You can compere to your heart’s content and your audience’s delight as you follow these 7 steps:
#1. Believe You Can!
Think of the opportunity to compere as joy. Never believe the lie that you can’t do it. Of course, there will always be people who might be able to do better than you; but you still can leave a mark. The confidence that you can definitely do it is going to make a huge impact in your performance on stage as far as compering is concerned. So believe the best about yourself and step confidently on stage.
#2. Write a Compere-Script
As no one will attempt to construct a building without having a plan or blue print with them; no one should attempt to do compering without preparing a script. Whether you read from the script or not is a question of lesser importance. Write down everything. The actual introduction, the lines inviting the speakers, the thank you notes in between, and so on you plan to use during compering. Leave nothing to chance. Also remember to leave blank spaces in between as well as in the margins to jot down last minute changes in the programme. A person who attempts to do compering without a script is yet again like a soldier going to war without weapons!
#3. Be Enthusiastic
The joy of fielding was once made known to the world by a former cricket player from South Africa, Jonty Rhodes. He made what was a routine part of the game into a highly developed art. Similarly, you can raise the level of compering to great heights by your great enthusiasm as Jonty Rhodes did with fielding. The way you walk on stage, your gestures, your voice; and in short everything you do should pulsate with enthusiasm. Then the crowd will surely catch the fire of your enthusiasm when you compere.
#4. Maintain Good Eye Contact
The eyes can communicate a whole range of emotions and can reflect the inner state of a person quite sharply too. That is why Jesus Christ said, “Your eye is the lamp of your body. When your eyes are good, your whole body also is full of light.” So use your eyes to communicate an exuberant mood while compering. Let your eyes scan the entire audience. Do not get stuck up looking at the imagined balcony or looking at blank walls. Instead make everybody feel included with your eyes with a wide sweep across the audience.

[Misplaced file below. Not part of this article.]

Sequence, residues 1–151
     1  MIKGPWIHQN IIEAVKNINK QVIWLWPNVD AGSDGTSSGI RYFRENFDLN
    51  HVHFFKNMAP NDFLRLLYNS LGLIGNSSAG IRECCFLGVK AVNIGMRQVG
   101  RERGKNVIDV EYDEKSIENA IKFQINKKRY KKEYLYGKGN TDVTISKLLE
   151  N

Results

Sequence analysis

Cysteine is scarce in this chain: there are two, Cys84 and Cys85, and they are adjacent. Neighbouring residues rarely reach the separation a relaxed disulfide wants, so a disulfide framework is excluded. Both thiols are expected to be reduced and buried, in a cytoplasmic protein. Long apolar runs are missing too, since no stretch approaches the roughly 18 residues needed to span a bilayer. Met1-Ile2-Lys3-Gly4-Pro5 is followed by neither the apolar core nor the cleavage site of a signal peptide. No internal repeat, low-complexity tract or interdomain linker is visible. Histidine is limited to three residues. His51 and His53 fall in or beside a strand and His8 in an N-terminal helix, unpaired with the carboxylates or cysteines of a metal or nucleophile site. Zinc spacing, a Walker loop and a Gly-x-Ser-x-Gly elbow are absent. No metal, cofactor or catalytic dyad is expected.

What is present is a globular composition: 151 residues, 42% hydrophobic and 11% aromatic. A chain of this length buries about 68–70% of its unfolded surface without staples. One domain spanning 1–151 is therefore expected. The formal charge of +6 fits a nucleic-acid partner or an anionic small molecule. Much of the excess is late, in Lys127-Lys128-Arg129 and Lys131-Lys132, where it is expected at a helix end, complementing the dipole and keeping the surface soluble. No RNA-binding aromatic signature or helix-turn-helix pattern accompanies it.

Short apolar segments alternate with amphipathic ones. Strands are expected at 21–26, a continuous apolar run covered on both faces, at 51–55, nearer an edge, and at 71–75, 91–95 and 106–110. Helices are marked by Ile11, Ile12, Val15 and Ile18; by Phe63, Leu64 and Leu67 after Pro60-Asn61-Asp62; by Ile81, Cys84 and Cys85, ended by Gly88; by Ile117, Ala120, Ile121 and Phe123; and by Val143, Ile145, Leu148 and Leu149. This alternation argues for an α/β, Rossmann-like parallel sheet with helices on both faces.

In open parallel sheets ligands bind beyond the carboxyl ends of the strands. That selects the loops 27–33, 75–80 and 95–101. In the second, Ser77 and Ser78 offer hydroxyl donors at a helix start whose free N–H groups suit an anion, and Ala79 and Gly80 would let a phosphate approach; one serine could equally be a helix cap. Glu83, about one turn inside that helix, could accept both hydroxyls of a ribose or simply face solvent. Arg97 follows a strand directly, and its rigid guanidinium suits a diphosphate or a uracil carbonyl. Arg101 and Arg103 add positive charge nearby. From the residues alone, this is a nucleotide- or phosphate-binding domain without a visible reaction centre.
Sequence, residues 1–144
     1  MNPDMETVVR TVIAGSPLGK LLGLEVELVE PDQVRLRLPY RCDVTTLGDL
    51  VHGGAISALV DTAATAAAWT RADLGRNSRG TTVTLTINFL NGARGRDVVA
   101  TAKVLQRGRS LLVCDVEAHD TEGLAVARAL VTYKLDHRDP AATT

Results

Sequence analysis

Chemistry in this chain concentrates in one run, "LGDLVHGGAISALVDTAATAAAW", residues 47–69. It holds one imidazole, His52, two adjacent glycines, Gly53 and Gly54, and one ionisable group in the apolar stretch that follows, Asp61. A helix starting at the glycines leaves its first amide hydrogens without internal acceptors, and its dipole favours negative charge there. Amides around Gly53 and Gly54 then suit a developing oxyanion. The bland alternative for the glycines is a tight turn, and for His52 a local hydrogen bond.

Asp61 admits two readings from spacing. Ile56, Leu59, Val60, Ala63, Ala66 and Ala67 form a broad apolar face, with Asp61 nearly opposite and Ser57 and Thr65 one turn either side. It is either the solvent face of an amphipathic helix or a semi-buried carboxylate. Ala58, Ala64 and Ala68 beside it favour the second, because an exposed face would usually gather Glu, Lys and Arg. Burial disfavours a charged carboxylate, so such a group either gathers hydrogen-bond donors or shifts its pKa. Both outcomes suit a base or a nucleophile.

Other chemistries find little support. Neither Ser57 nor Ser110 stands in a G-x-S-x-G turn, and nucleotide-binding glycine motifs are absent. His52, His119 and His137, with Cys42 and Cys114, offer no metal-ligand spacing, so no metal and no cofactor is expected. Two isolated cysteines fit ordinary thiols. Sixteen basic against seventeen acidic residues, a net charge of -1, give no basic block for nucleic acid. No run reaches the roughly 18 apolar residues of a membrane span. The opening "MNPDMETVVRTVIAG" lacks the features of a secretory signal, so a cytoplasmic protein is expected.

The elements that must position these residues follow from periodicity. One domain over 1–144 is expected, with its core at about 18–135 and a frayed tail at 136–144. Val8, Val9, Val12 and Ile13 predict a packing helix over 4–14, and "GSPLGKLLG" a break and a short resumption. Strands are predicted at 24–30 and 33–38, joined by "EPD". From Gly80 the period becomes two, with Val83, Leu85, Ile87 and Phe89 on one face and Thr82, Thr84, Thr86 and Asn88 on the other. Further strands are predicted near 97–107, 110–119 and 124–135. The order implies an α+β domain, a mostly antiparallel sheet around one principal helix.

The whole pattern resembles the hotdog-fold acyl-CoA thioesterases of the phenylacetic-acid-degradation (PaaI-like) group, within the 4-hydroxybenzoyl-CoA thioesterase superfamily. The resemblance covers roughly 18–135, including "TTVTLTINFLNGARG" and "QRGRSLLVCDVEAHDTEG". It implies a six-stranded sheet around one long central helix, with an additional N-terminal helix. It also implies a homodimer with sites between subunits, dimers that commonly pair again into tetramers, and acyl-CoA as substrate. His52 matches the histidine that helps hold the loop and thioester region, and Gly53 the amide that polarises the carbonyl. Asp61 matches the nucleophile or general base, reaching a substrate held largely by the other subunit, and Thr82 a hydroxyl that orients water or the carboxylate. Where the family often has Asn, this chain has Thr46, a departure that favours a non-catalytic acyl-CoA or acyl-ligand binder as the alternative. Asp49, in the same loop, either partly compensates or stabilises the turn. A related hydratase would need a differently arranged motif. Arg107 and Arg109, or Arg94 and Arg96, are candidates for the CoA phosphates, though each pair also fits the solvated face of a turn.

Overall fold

#5. Vary Your Voice
Some people tell. Others shout. Some others are full of big-sounding words. Some others whisper on stage. The point is not whether one method is correct or not; the point is that there should be a rich variety in your voice. When inviting the chief guest to inaugurate the Seminar your voice should communicate that seriousness; while announcing a popular rocking song or dance in a Reality Show your voice should communicate excitement and the upbeat mood to create anticipation. Whatever be the situation, clarity of words is a must.
#6. Make Them Feel Good
A compere’s role is not to highlight how intelligent, knowledgeable or a wizard of words he or she is. Anyone who sets out to do so is inviting the wrath of the audience. The compere is someone who draws least attention to himself or herself . Instead his or her role is to turn the spotlight on someone else all the time. Your words, gestures, and other actions on stage should all help in magnifying the person or group you are talking about. It is then that the audience learns to better appreciate those people or the action that is happening on stage.
#7. Smile All the Way
It is not your fabulous dress or make-up or ornaments that is going to win the day for you. Neither are the words that you use going to help much; though words are needed. The greatest asset for a compere is his or her smile. These days people are fed up with cosmetic smiles that are artificial. Be genuine with the crowds. Then the smile from your heart will light up all the world for you while you compere!
When Angels Compere: 7 Golden Tips for Compering
Tips for Compering
Tips for Compering 7 Great Songs of Christmas
7 Mistakes to Avoid While Compering
2 Minute School Assembly Compere Speech on Save Earth Campaign!
Short Compere Speech Online on Indian Independence Day Celebrations